Assessing dietary intake requires comprehensive food composition databases (FCDB), supporting linkage between foods and nutrients (Reference Foster, Hawkins and Delve1). While traditional methods of collecting dietary intake have been interviewer-led, web-based systems offer advantages allowing for self-administered recalls. In light of this, currently available FCDB for Gulf Cooperation Council countries is limited (Reference Al-Faris2), and an Arabic web-based dietary assessment tool is not yet available. We aimed to develop an Arabic online dietary assessment tool, myfood24(Reference Carter, Albar and Morris3) with a new Arabic FCDB, the initial focus will be foods from Saudi Arabia and Kuwait.
Food information was sourced from existing Middle Eastern food composition tables, research articles, and Back-of-pack (BOP) nutrient labels, with the addition of generic foods from the UK Composition of Foods Integrated Database (CoFID). An initial cleaning involved the removal of duplicate foods and reformatting of units for some nutrients. Recipe ingredients and foods were mapped to similar generic items in the CoFID database to generate the missing nutrient data. Multiple options for portion size estimations were assigned (e.g. images, household measurements, serving sizes and average portion sizes). Then, the entire database was translated into Arabic and quality checked.
The new Arabic FCDB contains 2016 food items with complete macronutrient and micronutrient data (120 nutrients). 79% (n = 1585) were generic items from the UK CoFID, 13% (n = 271) were from BOP data labels for local and regional branded products in Saudi Arabia and Kuwait and 8% (n = 160) were composite food items from existing published sources. Seventy-seven new recipes were created; 64 recipes were already available from Kuwait. Examples of local recipes with full nutritional information include marag laham (mutton stew); makbous laham (rice with lamb); spinach pastry; date cake. The database includes 14% from both meat products and dishes (n = 286) and vegetables and vegetable-based dishes (n = 278); 11% of cereal products and associated dishes (n = 230); 9% sweet-tasting foods (e.g. desserts and chocolate) (n = 187); and 8% for fruits (n = 171), seafood (n = 166), and dairy products (n = 166). There are only 5% poultry products and associated dishes (n = 99), 5% beverages (n = 93), and 3% bean-based dishes (n = 68), while 13% come from miscellaneous foods including spices (n = 81), savoury snack (n = 53), sauces (n = 52), ready-to-eat products (n = 39) and oils (n = 24). 30% of foods have photographic portion size images in addition to the other options of portion size estimation.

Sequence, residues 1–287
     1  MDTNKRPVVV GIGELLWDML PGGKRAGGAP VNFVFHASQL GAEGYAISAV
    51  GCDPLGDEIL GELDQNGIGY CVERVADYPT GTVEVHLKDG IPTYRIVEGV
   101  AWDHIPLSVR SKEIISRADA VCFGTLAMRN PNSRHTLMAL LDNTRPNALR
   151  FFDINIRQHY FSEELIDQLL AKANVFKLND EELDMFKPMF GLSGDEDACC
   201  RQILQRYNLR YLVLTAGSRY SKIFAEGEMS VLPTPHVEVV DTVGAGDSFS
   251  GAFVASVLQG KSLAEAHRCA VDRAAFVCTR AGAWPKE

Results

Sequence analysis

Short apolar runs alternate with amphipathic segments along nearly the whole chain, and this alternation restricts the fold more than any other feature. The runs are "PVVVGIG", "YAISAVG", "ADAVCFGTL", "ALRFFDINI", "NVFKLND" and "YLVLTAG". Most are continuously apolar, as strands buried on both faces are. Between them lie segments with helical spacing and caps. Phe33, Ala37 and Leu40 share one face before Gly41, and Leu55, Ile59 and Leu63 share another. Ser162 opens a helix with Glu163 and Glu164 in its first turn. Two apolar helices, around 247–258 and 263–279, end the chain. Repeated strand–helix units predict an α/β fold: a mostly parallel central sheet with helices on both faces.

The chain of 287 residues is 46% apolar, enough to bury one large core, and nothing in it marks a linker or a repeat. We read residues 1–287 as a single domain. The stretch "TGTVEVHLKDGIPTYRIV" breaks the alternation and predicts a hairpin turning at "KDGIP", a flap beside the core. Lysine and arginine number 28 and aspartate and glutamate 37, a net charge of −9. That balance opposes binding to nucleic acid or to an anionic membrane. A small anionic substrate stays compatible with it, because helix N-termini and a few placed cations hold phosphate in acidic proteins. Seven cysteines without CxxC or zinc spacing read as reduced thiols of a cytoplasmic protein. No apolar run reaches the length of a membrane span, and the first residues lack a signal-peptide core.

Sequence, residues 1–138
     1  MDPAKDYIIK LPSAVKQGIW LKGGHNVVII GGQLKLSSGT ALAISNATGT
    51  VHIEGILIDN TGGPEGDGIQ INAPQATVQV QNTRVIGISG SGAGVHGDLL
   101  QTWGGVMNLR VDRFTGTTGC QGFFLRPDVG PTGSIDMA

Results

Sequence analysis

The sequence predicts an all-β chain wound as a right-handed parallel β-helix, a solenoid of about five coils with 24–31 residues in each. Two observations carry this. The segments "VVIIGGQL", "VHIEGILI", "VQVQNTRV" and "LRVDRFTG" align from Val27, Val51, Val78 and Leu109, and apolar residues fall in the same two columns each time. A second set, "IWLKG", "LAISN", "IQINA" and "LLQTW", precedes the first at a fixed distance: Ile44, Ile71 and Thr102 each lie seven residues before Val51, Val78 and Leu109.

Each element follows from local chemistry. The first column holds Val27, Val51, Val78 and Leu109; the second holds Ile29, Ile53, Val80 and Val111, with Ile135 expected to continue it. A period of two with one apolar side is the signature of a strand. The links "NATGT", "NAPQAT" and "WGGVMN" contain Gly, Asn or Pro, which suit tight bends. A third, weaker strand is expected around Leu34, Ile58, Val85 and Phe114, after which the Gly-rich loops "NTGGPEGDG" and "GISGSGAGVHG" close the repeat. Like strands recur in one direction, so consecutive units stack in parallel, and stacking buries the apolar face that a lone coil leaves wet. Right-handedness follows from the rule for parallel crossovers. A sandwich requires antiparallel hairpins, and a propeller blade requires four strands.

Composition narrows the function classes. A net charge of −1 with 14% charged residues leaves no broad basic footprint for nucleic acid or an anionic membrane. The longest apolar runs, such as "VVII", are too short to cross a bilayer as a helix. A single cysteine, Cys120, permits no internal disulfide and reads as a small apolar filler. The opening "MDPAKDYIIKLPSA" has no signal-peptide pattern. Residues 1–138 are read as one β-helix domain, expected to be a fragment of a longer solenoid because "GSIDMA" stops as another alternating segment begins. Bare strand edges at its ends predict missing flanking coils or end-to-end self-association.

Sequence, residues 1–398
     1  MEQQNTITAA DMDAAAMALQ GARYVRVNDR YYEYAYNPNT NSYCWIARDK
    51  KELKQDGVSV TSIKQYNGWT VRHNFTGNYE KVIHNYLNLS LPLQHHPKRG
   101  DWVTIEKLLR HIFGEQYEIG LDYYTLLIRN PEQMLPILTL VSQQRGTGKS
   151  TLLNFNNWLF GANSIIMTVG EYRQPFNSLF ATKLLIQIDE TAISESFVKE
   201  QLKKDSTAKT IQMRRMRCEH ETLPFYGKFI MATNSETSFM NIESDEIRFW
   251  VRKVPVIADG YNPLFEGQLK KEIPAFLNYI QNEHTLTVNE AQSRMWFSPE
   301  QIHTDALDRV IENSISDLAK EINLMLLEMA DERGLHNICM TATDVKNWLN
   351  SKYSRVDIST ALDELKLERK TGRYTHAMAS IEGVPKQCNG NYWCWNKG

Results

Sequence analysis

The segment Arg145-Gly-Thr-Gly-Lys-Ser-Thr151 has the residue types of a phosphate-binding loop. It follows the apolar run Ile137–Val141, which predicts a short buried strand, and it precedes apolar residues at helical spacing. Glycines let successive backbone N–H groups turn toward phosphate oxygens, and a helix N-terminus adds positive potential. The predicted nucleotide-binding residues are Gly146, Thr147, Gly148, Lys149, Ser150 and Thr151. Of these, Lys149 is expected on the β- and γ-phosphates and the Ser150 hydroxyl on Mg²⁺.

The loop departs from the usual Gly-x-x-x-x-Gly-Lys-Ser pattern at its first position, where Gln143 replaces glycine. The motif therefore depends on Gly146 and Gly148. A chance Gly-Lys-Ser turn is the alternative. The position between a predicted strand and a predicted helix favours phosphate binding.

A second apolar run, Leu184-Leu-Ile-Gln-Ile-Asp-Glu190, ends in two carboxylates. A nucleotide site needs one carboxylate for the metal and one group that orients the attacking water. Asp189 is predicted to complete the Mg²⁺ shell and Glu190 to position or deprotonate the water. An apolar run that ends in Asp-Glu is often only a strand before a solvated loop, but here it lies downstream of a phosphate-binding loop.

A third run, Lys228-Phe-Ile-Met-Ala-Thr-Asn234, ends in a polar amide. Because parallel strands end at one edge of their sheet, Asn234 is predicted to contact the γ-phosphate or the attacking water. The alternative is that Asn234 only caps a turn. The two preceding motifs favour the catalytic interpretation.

This is the first Arabic FCDB containing 2016 composite dishes, branded and generic foods available for Saudi Arabia, and Kuwait, which will be integrated into an Arabic myfood24, producing the first Arabic online dietary assessment tool. This tool will be important to support the assessment of dietary intake of Arabic-speaker populations. We plan to expand this FCDB to cover more foods from other countries in the Middle East region.